Like Joyce’s Ulysses, Mrs. Dalloway takes place on a Wednesday in June (the entire 700+ pages of Ulysses takes place on June 16th, 1904), and like Joyce, Woolf is incredibly focused on the interior life of her characters, on the innumerable thoughts, experiences and impressions that collectively make up how an individual experiences the world. However, Woolf succeeds where I’ve often felt Joyce fails, in that her purpose seems to be communication whereas Joyce many times seems content with incomprehension and inaccessibility for the common reader (ex: Finnegan’s Wake). To be fair, I haven’t read Ulysses yet (I will! It’s on the list and is coming, along with a Bloomsday Reader, in that same shopping bag full of books from my parents!), but reading A Portrait of the Artist as a Young Man in high school left a bad taste in my mouth. Even though both Woolf and Joyce are exploring the interior lives of characters, Joyce’s exploration seems masturbatory and personal whereas Woolf’s feels open and communicative. Maybe I’ll change my mind after spending more time with Joyce…
Balance and counterbalance seem to factor heavily into Mrs. Dalloway. Woolf is constantly balancing two oppositional forces (desire v. duty, coming together v. falling apart, masculine v. feminine) and these conflicts serve to unify all the disparate action occurring over the course of the story: Clarissa pulling herself together at her dressing table in preparation for the evening’s party balanced against Septimus’ slow descent and unraveling to the point of suicide; her desire for Peter Walsh balanced against her dutiful marriage to Richard Dalloway; the vibrant Sally Seton of Clarissa’s youth (with whom she shared a passionate kiss) balanced against the woman Sally becomes post-marriage to Lord Rosseter; women who feel deeply yet pull themselves together and press on balanced against the men, acculturated to feel nothing, who give up and fall apart. There is just so much going on in terms of detail and imagery but it was all essential and working toward the common unifying themes. Such a tight piece of writing! Mrs. Dalloway is a master class in revision and paring down a lengthy piece to just the purely essential.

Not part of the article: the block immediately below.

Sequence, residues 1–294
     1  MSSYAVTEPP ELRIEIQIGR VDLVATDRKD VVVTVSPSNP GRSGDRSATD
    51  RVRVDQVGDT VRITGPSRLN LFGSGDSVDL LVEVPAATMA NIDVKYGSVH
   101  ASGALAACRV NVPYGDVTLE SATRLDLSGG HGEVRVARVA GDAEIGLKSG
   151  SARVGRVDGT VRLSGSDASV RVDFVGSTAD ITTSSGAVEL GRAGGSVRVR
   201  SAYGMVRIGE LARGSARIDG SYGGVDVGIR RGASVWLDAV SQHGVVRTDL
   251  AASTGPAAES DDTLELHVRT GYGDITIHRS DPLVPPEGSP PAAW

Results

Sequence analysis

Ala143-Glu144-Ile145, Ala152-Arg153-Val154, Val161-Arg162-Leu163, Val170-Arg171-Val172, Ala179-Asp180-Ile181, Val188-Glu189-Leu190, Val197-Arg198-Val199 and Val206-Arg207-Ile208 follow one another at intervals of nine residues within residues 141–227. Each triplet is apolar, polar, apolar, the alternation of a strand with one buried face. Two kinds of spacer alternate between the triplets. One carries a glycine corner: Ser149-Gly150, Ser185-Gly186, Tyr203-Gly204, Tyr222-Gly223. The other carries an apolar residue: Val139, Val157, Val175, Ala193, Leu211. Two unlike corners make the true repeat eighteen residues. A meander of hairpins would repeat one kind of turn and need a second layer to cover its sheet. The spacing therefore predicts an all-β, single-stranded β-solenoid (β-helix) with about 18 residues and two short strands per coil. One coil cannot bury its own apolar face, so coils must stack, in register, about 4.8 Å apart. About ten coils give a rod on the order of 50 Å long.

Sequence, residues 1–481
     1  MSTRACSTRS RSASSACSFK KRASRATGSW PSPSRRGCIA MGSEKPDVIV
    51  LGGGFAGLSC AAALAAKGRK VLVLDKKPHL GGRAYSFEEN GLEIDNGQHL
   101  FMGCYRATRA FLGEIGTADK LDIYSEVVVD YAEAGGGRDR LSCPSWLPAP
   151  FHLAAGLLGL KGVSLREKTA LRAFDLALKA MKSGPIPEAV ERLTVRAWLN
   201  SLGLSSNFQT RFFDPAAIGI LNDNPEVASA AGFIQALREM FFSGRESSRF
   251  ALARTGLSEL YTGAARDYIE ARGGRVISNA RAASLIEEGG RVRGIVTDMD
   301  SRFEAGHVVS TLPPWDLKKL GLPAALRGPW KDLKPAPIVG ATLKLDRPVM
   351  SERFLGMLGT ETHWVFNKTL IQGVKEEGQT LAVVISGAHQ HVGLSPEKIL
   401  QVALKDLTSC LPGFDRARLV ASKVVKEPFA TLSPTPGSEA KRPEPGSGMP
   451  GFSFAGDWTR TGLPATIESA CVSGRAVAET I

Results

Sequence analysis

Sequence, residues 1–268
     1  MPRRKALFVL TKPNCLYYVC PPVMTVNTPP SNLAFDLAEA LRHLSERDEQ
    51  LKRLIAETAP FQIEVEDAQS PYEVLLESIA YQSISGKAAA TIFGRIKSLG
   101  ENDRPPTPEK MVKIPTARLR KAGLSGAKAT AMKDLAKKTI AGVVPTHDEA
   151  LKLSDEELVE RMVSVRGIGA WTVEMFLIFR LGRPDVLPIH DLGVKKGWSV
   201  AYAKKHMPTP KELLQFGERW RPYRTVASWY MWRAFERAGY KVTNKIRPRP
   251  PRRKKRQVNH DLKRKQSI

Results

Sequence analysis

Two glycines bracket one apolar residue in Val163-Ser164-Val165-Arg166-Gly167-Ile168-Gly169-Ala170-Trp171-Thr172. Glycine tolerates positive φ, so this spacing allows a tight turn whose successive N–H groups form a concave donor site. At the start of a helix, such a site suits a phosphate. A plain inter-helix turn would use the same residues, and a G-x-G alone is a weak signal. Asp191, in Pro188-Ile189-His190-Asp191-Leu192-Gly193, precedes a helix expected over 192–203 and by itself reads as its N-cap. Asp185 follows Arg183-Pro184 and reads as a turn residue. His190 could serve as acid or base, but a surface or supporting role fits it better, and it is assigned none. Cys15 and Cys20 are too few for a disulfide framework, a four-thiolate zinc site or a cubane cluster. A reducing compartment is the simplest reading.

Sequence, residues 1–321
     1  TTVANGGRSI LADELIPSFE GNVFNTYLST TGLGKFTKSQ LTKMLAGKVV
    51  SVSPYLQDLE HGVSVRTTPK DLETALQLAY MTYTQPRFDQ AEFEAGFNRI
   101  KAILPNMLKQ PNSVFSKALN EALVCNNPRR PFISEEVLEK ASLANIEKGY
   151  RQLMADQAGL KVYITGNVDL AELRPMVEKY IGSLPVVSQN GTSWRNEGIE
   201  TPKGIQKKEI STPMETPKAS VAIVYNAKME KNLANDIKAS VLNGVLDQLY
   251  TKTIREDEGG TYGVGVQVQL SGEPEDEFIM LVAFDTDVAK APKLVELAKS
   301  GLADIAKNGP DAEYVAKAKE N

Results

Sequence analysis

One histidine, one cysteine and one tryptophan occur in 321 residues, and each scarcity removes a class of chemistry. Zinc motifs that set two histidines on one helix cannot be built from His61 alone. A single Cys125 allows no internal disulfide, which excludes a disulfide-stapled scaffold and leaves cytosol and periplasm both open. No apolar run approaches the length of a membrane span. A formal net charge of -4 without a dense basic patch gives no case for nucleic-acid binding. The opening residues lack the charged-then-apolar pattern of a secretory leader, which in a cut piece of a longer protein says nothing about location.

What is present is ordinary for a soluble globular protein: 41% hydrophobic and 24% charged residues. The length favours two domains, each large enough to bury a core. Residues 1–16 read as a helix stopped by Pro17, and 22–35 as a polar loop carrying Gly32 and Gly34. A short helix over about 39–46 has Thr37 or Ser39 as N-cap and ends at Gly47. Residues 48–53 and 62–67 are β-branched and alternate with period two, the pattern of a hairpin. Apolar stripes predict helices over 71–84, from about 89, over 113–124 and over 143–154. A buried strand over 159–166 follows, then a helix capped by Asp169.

And the semi-colons! Recently, I listened to UC Berkeley Professor John Bishop via iTunesU discuss Mrs. Dalloway, and he pointed out that her use of semi-colons were another example of coming together v. falling apart: semi-colons take two sentences/ideas and bring them together, making them one sentence. Pretty damn clever, Mrs. Woolf.
Bishop also pointed out some interesting parallels between Woolf’s life and that of her central characters of Clarissa Dalloway and Septimus Warren Smith, which I hadn’t realized because I haven’t read much on Woolf’s biography. Woolf was a central member of the Bloomsbury Group, and often hosted parties and gatherings for those involved, so, like Mrs. Dalloway, a part of her life concerned the bringing of people together. Woolf later committed suicide by filling her pockets with stones and drowning herself, allowing herself to come apart like Septimus. Crazy how life imitates art.
Rubric rating: 9. I loved it and I’m excited to explore more by Woolf. In fact, To The Lighthouse is on my nightstand…